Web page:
Quadruple bypass surgery at 27 changed his life
He was healthy, fit and two months away from being married. So Chad Gradney wrote off the recurring pain in his rib cage as anxiety related to his father’s recent death from a heart attack. Then one day in April 2005 severe chest pain knocked him to the ground.
Two days later, Gradney had quadruple coronary artery bypass surgery. He was 27.
Gradney ate healthier and exercised more after the surgery, but seven years later, his cholesterol levels continued to be dangerously high and new blockages again clogged his arteries. Doctors soon diagnosed Gradney with familial hypercholesterolemia, a genetic condition characterized by very high levels of “bad” LDL cholesterol that can lead to early heart disease. It’s a condition researchers now say is twice as common in the U.S. as previously thought, affecting one in 250 adults.
In a study published recently in the journal Circulation, investigators estimate FH affects about 834,500 American adults and impacts racial and ethnic groups differently. It is most common among blacks and whites and, by comparison, half as common among Mexican Americans.
Researchers analyzed health information and family histories of heart disease from 36,949 participants in the National Health and Nutrition Examination Survey. Information about the frequency of FH in nonwhite populations is scant, and the results give researchers a better baseline of the multiethnic population in the U.S., said the study’s lead investigator Sarah de Ferranti, M.D., director of preventive cardiology at Boston Children’s Hospital.
The next step, she said, is to “do more focused testing to try to get a better sense of what’s going on” in specific ethnic and racial groups.
Overall, almost half of Hispanic adults with traditional high cholesterol don’t know they have the condition—and among those with a diagnosis, less than a third are being treated, according to a study published last year in the Journal of the American Heart Association. Data from the Centers for Disease Control and Prevention also show that Mexican-American men are more likely to have traditional high cholesterol than their white and black counterparts.
People with FH have a defective receptor that cannot bind with LDL to eliminate it from the body. Without treatment, LDL can exceed 190 milligrams per deciliter in adults and 160 mg/dL in children.
Doctors use high doses of cholesterol-lowering statin drugs to treat FH. The Food and Drug Administration last summer approved two new targeted drugs to treat adults with FH. Called Praluent (alirocumab) and Repatha (evolocumab), the drugs are part of a new class of cholesterol-lowering medicines called PCSK9 inhibitors.
New Orleans cardiologist Keith C. Ferdinand, M.D., said it is common for patients with a family history of atherosclerosis—the hardening and narrowing of arteries that is the main cause of heart disease—to forgo checkups because they don’t feel sick.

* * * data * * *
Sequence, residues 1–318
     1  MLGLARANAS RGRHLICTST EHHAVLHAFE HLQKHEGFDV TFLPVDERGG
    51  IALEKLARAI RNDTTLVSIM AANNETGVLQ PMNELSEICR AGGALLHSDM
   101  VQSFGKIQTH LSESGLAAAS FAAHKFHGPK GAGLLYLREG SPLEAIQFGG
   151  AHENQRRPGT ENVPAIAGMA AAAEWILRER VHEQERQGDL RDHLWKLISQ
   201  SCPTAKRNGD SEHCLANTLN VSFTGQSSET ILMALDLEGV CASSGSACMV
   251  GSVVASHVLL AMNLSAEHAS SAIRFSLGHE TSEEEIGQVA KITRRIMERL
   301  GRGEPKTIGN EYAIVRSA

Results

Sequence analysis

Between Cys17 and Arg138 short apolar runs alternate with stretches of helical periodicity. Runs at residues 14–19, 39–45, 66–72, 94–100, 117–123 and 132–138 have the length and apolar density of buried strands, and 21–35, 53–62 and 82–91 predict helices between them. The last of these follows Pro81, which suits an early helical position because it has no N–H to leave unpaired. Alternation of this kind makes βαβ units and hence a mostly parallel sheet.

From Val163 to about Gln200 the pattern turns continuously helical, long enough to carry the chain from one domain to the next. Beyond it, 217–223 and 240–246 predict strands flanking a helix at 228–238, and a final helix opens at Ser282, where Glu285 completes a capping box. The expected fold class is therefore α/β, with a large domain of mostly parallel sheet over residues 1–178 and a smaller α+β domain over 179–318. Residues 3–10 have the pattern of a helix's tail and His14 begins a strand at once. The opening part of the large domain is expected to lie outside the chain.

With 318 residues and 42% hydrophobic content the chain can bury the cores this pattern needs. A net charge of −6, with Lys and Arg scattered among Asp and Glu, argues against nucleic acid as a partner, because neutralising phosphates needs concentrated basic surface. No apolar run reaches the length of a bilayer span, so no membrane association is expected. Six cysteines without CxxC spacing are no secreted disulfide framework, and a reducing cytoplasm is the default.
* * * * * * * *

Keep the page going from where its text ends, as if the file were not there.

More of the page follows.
“The lack of symptoms does not mean the lack of risk,” he said.
Ferdinand said the new prevalence findings may help people recognize the importance of having a lipid test that looks at all cholesterol levels—total cholesterol, LDL, “good” HDL and triglycerides—and knowing their family history of heart disease. It also reminds doctors to focus on risk factors to identify patients with FH, he said.
Federal guidelines recommend having cholesterol checked every five years starting at age 20. Children between ages 9 and 11 should also be screened at least once and again between 17 and 21, the guidelines say.
Leticia Perez’s high cholesterol levels can be traced to her father, who died of a heart attack in his 40s. Perez said she regrets not getting regular checkups and taking her medication regularly in the years after she was diagnosed in her 30s.
In 2011, Perez had bypass surgery. The former leasing agent can no longer work because of her poor health and urges others with a family history of heart disease to get their cholesterol checked.
“Honestly, what I am going through, I wouldn’t want anyone to go through,” said the 57-year-old grandmother from Houston.
Gradney is now 38 and lives in Baton Rouge with his wife, Kristen, and their 4-year-old son, Hunter. Testing has revealed Hunter has the markers for FH. Gradney hopes others with similar health backgrounds learn about FH and not wait until they are in an emergency room to take charge of their health.
These days, Gradney continues to exercise and watch his diet. His primary cardiologist is treating him aggressively with medications, and she tells him not to worry.
“She promised me that I would be dancing at my son’s wedding,” Gradney said.